The very last of the trowelling back and cleaning was finished up this morning on trench 5. A light rain made for the best photo-shoot we’ve had so far with the double-ditch showing up beautifully on both sides of the baulk. These perfect conditions prevailed for the first few minutes of pre-excavation planning, before the sun unfortunately came out and the soil dried once again to a homogenous grey-brown.
As planning continued, sections of the ditch and surrounds were selected for deeper sondage. The spoil was sieved for artefacts and biological material, a lot of stones resulted.
The large rock protruding in the South-West corner has been stirring interest – cleaning by Dimitra has revealed a base cluster of tightly-packed small stones. There is the possibility that this is a barrow-grave, as discovered in previous years, has been discussed, but only further excavation will tell.
The ditch segments in the baulked-off corner seem to be continuing to a good depth, and our team are getting quite proud of their own little patches. It will be interesting to see whether the ditches are continuous below the gravelly layers, and also what the distinct pits (5008) and (5001) show when they are continued tomorrow.
Relaxing during lunch, right before the rain...
Hey all, I am Bambos. Today the weather had once again been kind to us, there were only a couple of rain bursts and plenty of sunshine. When we arrived at trench 6 (where a Neolithic henge, post holes, pits and a number of barrows are presumed to exist) the morning dew that soaked the surface made the features of archaeological interest stand out from the natural deposits. After a quick briefing everyone took their place at their designated posts, and with trowels in hand begun to remove the earth in search for something...that is anything...indicative of past human activity. We were nevertheless not left disappointed when burned bone fragments made their appearance in an area within the henge. With great anticipation their origin and date may become known when analysed within a laboratory environment (hopefully they will prove to be really old and human). Our excitement was even further stimulated with the discovery of two pottery fragments found once again within the henge. On first glance they appear to belong to the Neolithic period (perhaps early to mid). As you can see this is exciting stuff...I bet you wished you were here to experience it all. Take care...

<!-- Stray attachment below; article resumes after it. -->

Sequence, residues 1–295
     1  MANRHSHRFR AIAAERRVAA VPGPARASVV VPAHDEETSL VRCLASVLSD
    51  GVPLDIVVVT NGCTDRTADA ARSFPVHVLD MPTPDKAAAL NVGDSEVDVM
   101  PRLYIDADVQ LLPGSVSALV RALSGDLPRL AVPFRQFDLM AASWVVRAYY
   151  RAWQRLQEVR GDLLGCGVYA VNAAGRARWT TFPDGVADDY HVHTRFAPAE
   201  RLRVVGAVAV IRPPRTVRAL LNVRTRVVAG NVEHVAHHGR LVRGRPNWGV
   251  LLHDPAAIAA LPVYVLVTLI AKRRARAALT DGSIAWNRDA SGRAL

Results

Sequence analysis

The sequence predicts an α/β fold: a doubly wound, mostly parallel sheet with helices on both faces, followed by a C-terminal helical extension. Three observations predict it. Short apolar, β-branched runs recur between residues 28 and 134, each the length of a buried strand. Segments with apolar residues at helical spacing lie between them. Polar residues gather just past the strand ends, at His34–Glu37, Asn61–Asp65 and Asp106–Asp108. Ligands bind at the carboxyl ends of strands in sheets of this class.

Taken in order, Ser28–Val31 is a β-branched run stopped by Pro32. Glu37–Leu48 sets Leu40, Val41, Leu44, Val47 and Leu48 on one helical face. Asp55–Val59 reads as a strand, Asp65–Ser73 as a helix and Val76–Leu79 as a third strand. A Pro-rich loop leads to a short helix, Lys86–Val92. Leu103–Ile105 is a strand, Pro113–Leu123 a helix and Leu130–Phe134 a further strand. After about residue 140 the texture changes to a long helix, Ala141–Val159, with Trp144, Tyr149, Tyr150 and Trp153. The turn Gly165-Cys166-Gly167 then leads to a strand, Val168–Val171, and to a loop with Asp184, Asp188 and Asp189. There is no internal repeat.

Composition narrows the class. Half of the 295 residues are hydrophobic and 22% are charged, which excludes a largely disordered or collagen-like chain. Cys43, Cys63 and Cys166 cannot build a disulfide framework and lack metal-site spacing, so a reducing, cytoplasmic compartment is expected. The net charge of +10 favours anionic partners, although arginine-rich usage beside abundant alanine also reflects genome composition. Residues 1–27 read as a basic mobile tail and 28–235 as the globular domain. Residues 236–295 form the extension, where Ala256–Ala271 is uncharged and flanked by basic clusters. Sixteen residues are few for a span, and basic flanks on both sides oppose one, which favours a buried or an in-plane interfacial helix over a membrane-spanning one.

Hi, my name is Elaine Halligan and I’m a student at Glasgow University. I have been working in trench 7, a Neolithic trench in Forteviot. This morning when we turned up at the site the features in our trench were a lot clearer due to the rain last night. It looks as if there are more than first thought. We began excavating some of the features after the planning was done, and I was excavating feature A, which is either a possible posthole or a tree throw, hopefully it will become clear tomorrow. There have been no significant finds so far but it has been interesting all the same, hopefully tomorrow! The other guys on the trench carried on with the planning, and will be ready to start excavating the rest of the features tomorrow, so we should be getting a better idea of what we are working with then. Luckily the weather has been quite warm today with only the odd shower, and hopefully it will stay like that for the rest of the week.
Hi, my name’s Fi. I’m a second year archaeology student from Glasgow University working on Trench 8, the square barrows. We had great sunny weather for most of the day, which although was lovely to work in dried out the soil in the trench an awful lot. This meant a lot of near crumbling sections and very little colour differentiation in the soil for us to distinguish and interpret features. Despite this every one managed to get their sections of ditch that they were working on recorded and the trench edges have all neatened up. We also got the levels and co-ordinates measured for our section drawings as Cathy brought us an EDM theodolite for the afternoon. We even had time for a tidying trowel of the trench surface right before the rain which really made the different contexts stand out. Hopefully tomorrow we can finally start to excavate one of the possible graves!!